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In the Sixtieth Regiment, E. M. M., Joel B. Halbert was lieutenant colonel, entering the service October 13, 1862, Of Company C. William A. Liggett was captain; first lieutenant, William A. Pitts; second lieutenant, Hiram Dixon. Company D (second lieutenant, Joseph Whitaker) was composed mostly (partly) of Hickory County men.
Company B, in this regiment formed mostly of men from Hickory, had John A. Pare as captatn and W. V. Murray, lieutenant, Capt. W. L. Snidow succeeded Capt. Pare.
In another Company, Willliam L. McCracken was second lieutenant.
Among the first Union troops raised in the county may be mentioned 300 Home Guards under Major Hastain.
In the early part of 1862 occurred the attak on the invalid Iowa soldiers, mostly at Quincy, under the noted Capt. Rafter. The men took refuge in a building which the rebels surrounded and set on fire. One of them killed Rafter with a small pistol. On the Union side, John T. Frames was killed, and Lt. William Charlton wounded.
On the retreat of Shelby through the county, a part of his command went into camp near Hermitage. Capt. James Coissart called soldiers and citizens and charged upon them, scattermg and killing a large number, who were left unburied where they fell.
At one time Capt. Robert Allen’s company was camped in Hermitage, and had four prisoners guarded in the courthouse. A man entered town on horseback at full speed and announced that the rebels were coming in force. The prisoners were shot and killed except one, and the company retreated south across the river. The alarm was a false one. One of the prisoners, the only one known to be a Hickory County man, though badly wounded, recovered.
Review. -some of the richest farming neighborhoods, especially in the southeast part of the county, presented but a sad scene of desolation at close of the war. It is said that there were roads on which one could ride for miles and see nothing but the blackened chimneys left standing to mark the spot where were once happy homes. The people had learned to sleep in the brush, and very few dared sleep in their houses. Light ceased to shine through windows: women barred the doors,
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and, when their men would be on their chance visit to their families, there was one of the family on watch to warn of the approach of any party. If they were not dressed when the signal warning came, they went without clothes, as their lives depended upon the quickest possible movement. About all property had been destroyed; horses, cattle, hogs, sheep, and provisions and feed for domestic animals; rails about the farms went to carnpfires, and armies had eaten up and destroyed the sustenance of the people. Besides this was the loss of six years of time, and from this point, all or nearly all had to commence life and its labors anew.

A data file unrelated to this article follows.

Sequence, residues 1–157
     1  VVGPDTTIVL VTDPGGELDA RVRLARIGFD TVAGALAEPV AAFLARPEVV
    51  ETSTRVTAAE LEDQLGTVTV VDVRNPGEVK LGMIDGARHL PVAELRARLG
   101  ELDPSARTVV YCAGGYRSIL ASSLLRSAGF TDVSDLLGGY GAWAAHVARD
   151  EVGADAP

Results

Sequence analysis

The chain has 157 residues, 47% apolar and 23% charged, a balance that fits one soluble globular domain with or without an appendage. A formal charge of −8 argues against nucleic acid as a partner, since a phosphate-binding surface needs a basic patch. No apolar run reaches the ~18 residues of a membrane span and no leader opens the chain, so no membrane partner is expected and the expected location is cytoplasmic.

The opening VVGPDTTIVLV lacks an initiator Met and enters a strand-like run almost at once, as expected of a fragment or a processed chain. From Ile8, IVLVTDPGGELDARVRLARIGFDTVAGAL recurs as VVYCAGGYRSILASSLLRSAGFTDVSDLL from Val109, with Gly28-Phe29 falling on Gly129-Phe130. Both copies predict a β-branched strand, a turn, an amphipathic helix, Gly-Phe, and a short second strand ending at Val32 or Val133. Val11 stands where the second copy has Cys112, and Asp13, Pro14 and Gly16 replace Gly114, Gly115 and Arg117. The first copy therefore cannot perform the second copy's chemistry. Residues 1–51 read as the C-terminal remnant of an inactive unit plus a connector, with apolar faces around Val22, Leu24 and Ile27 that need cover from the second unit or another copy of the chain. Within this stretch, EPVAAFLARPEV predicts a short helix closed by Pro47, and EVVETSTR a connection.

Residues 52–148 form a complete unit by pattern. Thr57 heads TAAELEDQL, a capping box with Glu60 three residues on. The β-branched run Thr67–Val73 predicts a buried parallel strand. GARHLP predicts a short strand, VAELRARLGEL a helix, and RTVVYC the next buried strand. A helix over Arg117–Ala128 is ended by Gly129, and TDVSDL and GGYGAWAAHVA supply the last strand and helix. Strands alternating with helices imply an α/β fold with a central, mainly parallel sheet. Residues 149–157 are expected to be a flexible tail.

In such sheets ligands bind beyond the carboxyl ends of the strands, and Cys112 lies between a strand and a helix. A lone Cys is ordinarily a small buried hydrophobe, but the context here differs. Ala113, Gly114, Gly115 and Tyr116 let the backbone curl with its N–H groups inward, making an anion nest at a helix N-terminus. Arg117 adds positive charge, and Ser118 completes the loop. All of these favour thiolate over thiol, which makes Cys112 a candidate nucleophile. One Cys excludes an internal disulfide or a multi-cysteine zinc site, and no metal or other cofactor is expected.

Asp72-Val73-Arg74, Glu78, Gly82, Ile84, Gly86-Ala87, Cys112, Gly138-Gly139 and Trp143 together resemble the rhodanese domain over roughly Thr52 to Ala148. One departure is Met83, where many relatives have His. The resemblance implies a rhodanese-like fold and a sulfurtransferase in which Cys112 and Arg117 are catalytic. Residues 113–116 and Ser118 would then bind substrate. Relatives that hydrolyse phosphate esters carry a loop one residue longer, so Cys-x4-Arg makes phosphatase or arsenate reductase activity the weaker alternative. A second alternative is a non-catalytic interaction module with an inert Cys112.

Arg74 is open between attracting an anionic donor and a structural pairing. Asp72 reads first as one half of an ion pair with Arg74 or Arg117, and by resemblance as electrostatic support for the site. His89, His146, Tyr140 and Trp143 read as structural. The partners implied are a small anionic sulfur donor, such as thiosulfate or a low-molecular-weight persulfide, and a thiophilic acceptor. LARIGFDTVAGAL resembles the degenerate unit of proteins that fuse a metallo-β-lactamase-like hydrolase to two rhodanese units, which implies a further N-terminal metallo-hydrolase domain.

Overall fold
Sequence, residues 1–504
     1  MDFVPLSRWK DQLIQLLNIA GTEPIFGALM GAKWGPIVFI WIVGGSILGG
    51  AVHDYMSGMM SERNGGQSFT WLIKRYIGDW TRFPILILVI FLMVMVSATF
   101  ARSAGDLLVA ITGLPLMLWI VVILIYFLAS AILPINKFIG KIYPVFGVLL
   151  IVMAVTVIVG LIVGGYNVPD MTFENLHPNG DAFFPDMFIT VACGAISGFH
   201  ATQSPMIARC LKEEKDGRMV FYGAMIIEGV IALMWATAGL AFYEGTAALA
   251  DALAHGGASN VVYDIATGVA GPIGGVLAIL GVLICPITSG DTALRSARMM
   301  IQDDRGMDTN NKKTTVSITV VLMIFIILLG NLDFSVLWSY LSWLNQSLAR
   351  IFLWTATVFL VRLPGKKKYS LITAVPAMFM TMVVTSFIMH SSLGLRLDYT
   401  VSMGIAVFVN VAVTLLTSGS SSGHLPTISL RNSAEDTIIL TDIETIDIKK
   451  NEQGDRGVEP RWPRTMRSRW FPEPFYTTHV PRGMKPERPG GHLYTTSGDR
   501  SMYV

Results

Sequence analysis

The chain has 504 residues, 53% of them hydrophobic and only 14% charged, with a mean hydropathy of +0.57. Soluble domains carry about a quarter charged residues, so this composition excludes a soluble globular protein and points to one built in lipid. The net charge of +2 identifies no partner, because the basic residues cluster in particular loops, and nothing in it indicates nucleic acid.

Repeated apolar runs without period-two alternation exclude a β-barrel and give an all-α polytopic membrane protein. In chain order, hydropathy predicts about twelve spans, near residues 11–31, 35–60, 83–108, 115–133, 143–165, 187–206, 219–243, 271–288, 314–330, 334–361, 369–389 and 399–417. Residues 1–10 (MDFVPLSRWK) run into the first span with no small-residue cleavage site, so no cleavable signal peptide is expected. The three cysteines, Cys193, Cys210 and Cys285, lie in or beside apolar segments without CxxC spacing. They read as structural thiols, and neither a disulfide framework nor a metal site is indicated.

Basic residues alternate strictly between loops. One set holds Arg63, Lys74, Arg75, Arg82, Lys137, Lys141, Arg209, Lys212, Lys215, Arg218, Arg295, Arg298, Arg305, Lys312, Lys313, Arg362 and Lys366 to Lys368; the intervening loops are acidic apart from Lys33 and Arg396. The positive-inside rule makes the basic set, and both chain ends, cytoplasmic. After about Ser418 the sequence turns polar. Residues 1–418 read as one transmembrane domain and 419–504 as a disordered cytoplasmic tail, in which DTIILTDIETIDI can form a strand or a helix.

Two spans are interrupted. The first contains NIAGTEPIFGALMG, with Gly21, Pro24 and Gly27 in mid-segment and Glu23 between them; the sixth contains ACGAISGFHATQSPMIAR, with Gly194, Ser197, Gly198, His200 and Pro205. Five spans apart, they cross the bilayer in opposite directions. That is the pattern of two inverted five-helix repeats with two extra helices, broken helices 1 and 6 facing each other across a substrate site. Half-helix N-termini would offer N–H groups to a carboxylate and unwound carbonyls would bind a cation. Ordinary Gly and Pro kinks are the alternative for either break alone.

The Confederates generally went off to join Price's army or Claib Jackson’s. The only regularly enlisted organization in the camp on that side was Capt. John Mabary’s company. The estimates by those on the grounds were that about a equal number went to the respective armies. When the cruel war was over, there was no bitterness of soul between those who chose to go south and those who went to the opposite side. They crossed bayonets in civilized war, and, then the war was ended, the conqueror respected the vanquished, and on both sides, no old scores or old sores remained. It was the irregular bands on both sides who seized upon the times to assassinate and rob and destroy. Their days for evil were over, and then the vanquished Confederates in line laid down their arms and surrendered.
None of the people here on either side had any hand in plunging the country into war; on the other hand,they had done all they could to prevent it. The cruel calamity was forced upon them. And, when the storm had passed, the respectable elements in society had no criminations to make, but shoulder to shoulder, they went to work to rehabilitate the county, to heal the wounds, rebuild their homes and be good and loyal people.